Myocyte disarray is a hallmark of many cardiac disorders. However, the relationship between alterations in the orientation of individual myofibrils and myofilaments to disease progression has been largely underexplored. This oversight has predominantly been due to a paucity of methods for objective and quantitative analysis. Here we introduce a novel, less-biased approach to quantify myofibrillar and myofilament orientation in cardiac muscle under near physiological conditions and demonstrate its superiority as compared to conventional histological assessments. Using small-angle X-ray diffraction, we first investigated changes in myofibrillar orientation at increasing sarcomere lengths in permeabilized, relaxed, wildtype mouse myocardium from the left ventricle by assessing the angular spread of the 1,0 equatorial reflection (angle σ). At a sarcomere length (SL) of 1.9 μm, the angle σ was 0.23±0.01 rad, decreased to 0.19±0.01 rad at a SL of 2.1 μm, and further decreased to 0.15±0.01 rad at a SL of 2.3 μm (p<0.0001). Angle σ was significantly larger in R403Q, a MYH7 hypertrophic cardiomyopathy (HCM) model, porcine myocardium (0.24±0.01 rad) compared to WT myocardium (0.14±0.005 rad, p<0.0001) as well as in human heart failure tissue (0.19±0.006 rad) when compared to non-failing samples (0.17±0.007 rad, p=0.01). These data indicate that diseased myocardium suffers from greater myofibrillar disorientation compared to healthy controls. Finally, we showed that conventional, histology-based analysis of disarray can be subject to user bias and/or sampling error and lead to false positives. Our method for directly assessing myofibrillar orientation avoids the artifacts introduced by conventional histological approaches that assess myocyte orientation and only indirectly evaluate myofibrillar orientation, and provides a precise and objective metric for phenotypically characterizing myocardium. The ability to obtain excellent X-ray diffraction patterns from frozen human myocardium provides a new tool for investigating structural anomalies associated with cardiac diseases.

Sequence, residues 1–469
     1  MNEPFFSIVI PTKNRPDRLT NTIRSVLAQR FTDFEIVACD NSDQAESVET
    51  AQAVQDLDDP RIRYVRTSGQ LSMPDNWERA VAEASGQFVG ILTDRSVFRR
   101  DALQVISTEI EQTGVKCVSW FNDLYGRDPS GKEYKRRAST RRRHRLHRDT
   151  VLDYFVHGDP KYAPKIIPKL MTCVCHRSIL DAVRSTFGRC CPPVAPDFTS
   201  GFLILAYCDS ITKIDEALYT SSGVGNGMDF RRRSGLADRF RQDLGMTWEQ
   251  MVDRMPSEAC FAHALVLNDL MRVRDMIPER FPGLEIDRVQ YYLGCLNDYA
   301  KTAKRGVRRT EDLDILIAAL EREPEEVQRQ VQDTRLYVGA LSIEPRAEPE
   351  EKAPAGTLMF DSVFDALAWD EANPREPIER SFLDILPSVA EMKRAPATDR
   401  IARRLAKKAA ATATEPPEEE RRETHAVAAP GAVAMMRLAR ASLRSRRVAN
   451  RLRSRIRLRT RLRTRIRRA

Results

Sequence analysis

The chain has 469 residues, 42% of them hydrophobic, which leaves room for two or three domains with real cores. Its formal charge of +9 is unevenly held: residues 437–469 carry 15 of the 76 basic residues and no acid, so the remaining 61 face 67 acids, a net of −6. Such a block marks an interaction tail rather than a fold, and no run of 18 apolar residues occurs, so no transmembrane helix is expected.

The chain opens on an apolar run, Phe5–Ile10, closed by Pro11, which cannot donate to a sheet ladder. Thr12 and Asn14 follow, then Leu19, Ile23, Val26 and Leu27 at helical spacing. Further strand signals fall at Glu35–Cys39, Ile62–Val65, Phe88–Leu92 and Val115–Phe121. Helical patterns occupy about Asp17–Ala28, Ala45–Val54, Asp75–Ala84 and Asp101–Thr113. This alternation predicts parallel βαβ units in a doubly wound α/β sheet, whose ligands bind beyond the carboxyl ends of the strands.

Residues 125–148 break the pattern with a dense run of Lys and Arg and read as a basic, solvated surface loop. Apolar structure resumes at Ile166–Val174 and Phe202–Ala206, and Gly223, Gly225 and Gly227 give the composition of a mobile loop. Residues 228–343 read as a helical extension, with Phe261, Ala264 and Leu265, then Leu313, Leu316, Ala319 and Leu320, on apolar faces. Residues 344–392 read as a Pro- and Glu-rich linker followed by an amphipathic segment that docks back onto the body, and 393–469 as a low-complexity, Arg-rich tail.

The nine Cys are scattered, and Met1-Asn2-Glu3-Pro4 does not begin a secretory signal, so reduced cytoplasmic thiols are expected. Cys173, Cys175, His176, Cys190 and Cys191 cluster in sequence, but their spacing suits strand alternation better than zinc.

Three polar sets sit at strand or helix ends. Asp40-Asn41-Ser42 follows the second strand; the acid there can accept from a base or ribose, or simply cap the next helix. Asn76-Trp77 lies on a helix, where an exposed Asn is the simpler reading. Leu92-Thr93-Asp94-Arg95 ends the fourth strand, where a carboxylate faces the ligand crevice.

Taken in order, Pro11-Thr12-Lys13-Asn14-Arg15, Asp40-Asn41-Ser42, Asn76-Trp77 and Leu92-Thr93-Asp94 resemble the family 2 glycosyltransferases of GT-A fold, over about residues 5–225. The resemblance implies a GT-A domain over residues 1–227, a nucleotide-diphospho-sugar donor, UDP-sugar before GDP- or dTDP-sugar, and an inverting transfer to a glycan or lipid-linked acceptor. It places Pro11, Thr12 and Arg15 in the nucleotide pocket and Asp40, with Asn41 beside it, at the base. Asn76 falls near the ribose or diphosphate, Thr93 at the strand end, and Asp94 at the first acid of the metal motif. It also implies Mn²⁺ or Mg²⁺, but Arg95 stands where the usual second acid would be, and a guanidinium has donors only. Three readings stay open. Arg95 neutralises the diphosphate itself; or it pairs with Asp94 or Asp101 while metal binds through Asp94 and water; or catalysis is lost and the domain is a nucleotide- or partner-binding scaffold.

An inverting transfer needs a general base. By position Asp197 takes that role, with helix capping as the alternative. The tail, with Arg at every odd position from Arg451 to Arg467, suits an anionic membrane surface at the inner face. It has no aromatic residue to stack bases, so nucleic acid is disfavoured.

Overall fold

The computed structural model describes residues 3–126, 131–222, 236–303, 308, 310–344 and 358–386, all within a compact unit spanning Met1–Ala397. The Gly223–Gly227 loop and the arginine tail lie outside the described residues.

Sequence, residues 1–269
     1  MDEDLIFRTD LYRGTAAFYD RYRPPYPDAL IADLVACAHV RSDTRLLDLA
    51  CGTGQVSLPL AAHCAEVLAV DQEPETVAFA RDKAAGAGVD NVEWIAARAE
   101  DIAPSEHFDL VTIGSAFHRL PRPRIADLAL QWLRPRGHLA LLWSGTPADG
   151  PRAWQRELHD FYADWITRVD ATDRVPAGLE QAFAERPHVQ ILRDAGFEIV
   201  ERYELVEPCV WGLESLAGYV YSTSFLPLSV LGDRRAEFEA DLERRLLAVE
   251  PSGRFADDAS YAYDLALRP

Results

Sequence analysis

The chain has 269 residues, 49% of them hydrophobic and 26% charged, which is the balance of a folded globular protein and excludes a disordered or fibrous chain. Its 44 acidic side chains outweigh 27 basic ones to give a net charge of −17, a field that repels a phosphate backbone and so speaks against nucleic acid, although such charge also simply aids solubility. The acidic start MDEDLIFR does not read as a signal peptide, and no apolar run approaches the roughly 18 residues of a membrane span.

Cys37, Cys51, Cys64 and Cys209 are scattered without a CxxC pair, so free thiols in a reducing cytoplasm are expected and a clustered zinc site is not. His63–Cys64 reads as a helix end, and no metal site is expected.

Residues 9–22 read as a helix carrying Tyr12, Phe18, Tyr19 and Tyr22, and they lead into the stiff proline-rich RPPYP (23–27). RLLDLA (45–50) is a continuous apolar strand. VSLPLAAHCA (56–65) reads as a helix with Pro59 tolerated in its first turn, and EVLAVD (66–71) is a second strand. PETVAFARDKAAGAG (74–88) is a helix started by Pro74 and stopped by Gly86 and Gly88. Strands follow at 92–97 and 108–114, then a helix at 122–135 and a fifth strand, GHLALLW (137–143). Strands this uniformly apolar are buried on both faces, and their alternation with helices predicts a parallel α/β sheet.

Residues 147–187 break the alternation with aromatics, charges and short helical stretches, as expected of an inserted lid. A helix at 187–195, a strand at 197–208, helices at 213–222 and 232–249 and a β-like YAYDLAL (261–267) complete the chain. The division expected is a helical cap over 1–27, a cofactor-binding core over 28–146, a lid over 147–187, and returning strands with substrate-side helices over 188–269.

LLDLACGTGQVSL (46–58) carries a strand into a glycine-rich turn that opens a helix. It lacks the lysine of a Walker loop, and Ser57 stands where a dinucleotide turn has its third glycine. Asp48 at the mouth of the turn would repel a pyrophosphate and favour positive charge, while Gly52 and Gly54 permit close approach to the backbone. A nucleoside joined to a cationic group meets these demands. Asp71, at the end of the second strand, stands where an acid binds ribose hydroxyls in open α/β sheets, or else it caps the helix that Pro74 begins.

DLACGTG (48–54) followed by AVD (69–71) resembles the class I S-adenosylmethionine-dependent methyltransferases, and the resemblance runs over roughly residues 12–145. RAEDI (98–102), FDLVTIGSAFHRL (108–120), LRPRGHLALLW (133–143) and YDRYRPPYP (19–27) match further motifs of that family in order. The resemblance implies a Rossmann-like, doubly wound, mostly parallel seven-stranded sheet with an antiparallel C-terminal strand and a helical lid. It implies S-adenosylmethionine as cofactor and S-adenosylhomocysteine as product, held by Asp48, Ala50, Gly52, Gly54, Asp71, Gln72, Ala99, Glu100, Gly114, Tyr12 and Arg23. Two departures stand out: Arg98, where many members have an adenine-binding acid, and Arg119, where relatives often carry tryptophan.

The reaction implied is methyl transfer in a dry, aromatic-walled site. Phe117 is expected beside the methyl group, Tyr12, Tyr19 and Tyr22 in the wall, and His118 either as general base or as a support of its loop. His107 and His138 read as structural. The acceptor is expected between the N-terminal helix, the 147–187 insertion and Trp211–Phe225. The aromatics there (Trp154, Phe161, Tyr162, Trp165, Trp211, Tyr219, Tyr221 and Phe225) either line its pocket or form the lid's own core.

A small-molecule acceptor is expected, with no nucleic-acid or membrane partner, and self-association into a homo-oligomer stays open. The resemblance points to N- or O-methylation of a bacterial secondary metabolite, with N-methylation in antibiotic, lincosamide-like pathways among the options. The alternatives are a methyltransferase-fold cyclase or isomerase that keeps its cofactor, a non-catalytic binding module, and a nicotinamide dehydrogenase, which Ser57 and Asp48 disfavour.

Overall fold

Copyright © 2022. Published by Elsevier Inc.